There’s not long to go now before children in the UK return to school after months of being at home; and back to school blues really do exist! Even without the global pandemic, some children start to dread returning to school as the end of August approaches, but after several months of being at home, they’re probably feeling it more than ever.
Of course, some children are excited, but with another academic year ahead, they probably have mixed emotions. They may be anxious about pending exams, a new teacher, or perhaps a new school all together. These changes can feel quite daunting for young people, so it’s important for parents to help them stay calm. Read on for some advice from an independent school in London.
Children are very resilient, so they’ll probably adapt to the changes quickly and it will feel like the months at home never happened. However, that doesn’t really help them feel better in the days and even weeks before they go back.
Parents should encourage their kids to get back into a regular routine in advance, in terms of an early bedtime and early start in the morning. If they have become used to late nights and lie-ins, getting them out of bed on the first day back will be tough.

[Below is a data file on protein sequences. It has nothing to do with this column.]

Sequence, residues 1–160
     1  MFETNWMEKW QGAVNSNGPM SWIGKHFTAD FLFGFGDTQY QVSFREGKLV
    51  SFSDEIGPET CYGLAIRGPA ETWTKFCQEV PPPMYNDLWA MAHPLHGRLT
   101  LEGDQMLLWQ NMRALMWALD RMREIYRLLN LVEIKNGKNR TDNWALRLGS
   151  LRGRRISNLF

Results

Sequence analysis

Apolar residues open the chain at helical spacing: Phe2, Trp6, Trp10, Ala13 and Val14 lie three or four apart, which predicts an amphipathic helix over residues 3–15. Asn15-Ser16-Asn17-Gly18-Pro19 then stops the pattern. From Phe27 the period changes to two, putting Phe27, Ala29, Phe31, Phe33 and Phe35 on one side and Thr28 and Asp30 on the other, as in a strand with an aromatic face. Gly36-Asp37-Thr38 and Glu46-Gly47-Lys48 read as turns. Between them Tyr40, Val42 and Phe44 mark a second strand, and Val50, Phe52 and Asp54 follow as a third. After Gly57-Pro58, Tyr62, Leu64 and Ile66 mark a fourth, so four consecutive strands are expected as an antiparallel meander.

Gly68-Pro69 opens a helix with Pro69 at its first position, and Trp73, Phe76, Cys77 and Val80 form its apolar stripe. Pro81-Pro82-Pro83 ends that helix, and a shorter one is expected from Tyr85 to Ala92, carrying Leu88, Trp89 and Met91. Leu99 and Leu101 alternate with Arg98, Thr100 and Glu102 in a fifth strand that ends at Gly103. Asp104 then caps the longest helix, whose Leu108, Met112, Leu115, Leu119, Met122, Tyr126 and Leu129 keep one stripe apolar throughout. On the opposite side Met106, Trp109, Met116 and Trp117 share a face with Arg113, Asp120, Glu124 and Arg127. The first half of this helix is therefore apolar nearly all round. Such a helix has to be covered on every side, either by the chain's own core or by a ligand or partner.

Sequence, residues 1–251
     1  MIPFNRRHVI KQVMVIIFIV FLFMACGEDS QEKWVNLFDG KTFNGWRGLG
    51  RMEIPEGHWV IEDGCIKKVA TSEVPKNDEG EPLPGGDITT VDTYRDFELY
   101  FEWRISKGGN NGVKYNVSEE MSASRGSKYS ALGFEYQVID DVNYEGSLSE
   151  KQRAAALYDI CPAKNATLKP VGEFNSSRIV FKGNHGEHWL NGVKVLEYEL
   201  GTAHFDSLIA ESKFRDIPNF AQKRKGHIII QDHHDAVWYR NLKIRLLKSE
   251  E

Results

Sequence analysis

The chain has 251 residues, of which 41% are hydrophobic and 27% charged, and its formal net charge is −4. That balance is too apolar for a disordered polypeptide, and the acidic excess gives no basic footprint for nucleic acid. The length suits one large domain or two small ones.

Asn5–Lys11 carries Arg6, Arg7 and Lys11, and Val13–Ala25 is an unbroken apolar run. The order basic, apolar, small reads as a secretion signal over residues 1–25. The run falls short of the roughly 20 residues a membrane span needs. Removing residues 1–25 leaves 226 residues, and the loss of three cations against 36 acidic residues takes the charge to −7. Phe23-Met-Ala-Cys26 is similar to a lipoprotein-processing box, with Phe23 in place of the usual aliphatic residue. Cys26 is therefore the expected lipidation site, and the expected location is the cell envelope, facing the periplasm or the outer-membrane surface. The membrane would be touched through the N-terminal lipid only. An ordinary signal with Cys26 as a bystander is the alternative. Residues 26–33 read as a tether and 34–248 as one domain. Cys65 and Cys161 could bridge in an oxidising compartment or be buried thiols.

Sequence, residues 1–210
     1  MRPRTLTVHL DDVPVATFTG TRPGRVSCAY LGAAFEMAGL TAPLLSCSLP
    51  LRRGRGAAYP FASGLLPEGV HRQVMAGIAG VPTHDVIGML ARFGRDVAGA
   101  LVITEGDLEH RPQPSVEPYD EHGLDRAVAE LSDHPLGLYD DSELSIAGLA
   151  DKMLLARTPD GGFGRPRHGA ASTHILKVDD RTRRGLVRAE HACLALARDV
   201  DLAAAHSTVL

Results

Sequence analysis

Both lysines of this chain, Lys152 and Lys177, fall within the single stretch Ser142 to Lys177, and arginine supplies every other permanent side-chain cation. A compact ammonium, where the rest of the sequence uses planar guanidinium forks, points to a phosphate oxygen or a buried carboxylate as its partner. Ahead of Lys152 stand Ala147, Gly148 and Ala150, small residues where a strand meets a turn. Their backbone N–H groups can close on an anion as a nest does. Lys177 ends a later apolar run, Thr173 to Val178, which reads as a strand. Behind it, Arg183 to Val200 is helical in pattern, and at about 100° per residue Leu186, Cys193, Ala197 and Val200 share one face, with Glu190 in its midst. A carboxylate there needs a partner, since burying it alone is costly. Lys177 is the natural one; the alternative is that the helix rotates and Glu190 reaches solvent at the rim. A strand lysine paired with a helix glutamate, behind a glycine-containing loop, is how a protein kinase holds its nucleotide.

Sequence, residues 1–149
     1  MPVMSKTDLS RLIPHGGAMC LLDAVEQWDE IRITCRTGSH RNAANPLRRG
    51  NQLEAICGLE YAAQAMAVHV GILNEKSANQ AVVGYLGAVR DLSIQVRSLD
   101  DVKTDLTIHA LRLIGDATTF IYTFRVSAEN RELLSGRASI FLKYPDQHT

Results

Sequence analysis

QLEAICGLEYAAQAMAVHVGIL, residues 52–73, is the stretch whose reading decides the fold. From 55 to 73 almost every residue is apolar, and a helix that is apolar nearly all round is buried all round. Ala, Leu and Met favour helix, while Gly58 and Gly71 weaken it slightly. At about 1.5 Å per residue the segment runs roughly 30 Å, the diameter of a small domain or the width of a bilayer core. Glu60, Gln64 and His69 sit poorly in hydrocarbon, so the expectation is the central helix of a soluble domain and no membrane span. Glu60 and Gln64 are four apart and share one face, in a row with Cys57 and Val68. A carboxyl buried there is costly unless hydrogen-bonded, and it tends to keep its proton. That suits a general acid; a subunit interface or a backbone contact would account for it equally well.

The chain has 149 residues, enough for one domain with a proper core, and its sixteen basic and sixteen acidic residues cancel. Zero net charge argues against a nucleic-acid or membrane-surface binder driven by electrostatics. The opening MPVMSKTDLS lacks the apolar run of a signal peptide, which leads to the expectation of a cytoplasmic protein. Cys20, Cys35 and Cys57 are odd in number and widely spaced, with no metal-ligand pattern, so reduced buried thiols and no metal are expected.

What’s more, you should make sure their school uniform still fits and they have all of the appropriate supplies so that you’re nice and organised. If your child doesn’t feel fully prepared to return to school, they will struggle emotionally, so getting everything ready in advance will help.
Talking things over
Preparation doesn’t just mean buying stationery and uniform, it also involves chatting to your child about their return to school as often as possible. Ask them how they’re feeling about their first day back and if they have a negative response, try and find out why. It may just be that they find school a bit boring, which is perfectly normal.
However, it could be that they’re worried about a bully or a subject they’re struggling with. If you know what’s wrong, you will be better equipped to help and tackle the problem. What’s more, you’ll be able to give your child some advice to help settle their nerves. Be sure to use enthusiastic and optimistic terminology to improve their confidence.
At the end of the day, your child needs to know that they are safe and will always have your full support. Don’t hesitate to contact the school if your child is making you worry about their wellbeing. The teachers will be more than happy to hear you out and keep an eye on your youngster when they get back.